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Is reselling sneakers ruining sneaker culture?

These days, with places like StockX and Goat that allow you to sell your deadstock shoes easily, reselling has taken off as a way of making money. Although at first it seems like a harmless passion, when some shops are making people walk their shoes out the door to decrease their value, and big corporations like Nike have worked to make it harder for resellers with bots to get the desired shoes, it is understandable to question what the fuss is about.


The way it works, in the context of sneakers, is that a popular shoe will be scheduled to release, and resellers will attempt to get as many pairs as they can, no matter the size, with the hope that they can sell it later for more money. Although the concept is easy enough to understand, it is harder than you might think to successfully resell shoes, hence why resellers have resorted to bots and proxies that allow you to jump the queue or have multiple attempts at getting the desired shoes.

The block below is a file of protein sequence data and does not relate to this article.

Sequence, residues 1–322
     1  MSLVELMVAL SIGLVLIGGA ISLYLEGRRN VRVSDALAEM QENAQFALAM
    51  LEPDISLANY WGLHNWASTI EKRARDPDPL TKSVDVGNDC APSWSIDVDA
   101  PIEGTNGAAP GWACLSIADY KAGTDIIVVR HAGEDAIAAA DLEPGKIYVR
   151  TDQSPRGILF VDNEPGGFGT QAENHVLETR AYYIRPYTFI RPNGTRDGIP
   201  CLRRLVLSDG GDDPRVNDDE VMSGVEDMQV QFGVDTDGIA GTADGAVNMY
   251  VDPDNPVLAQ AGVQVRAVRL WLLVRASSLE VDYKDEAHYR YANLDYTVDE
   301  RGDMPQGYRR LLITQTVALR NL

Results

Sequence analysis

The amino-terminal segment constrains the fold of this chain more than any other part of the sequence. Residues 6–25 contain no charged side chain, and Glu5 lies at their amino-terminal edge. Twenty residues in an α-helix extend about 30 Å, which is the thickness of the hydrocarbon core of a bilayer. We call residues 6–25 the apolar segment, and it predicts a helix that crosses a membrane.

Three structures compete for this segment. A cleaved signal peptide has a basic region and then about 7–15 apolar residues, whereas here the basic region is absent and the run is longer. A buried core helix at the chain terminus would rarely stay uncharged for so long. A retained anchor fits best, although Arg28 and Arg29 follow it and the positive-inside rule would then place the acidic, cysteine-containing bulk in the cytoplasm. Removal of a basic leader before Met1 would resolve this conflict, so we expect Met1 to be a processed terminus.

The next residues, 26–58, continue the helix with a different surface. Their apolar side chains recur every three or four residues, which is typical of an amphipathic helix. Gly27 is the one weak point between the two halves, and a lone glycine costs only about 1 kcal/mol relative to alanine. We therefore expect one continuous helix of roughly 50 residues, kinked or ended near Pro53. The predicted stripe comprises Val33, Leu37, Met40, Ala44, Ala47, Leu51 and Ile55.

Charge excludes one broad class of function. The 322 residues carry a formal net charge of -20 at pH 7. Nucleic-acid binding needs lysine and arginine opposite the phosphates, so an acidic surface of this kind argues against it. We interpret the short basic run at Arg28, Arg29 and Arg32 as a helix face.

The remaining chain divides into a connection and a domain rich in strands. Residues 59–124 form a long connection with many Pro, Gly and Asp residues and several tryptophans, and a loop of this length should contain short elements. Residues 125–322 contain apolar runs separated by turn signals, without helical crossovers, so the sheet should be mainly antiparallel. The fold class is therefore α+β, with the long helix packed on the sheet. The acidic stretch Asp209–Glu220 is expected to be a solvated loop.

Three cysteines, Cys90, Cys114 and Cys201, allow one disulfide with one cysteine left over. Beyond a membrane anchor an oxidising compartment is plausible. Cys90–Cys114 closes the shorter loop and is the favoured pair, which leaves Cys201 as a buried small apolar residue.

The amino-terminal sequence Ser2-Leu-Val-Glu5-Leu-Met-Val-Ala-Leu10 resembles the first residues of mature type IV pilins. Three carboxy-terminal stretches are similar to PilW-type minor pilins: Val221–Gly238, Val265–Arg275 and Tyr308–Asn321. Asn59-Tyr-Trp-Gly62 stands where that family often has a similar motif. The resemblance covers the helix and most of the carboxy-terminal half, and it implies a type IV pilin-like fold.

Some people have a problem with this, as instead of genuine shoe collectors getting a shoe that they have worked for, more and more pairs are given to better off members of society who are willing to spend four times as much.

You could argue that this has made shoes more about money than the model itself, with the price tag often acting as the desirable aspect of the sneakers.


In a world where incomes have never been so varied, it is understandable for sneakerheads to feel like a small percentage of them have the majority of the popular shoes, however, at the same time, some feel like the higher price can work as an incentive to work hard in order to get the shoes.

Personally, I wish less sneakers were instantly snatched up by those looking to make a quick profit, but I understand the argument isn’t that simple, and I urge you to think for yourself what you feel about the matter.

What do you think?

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Written by Marco Mathis

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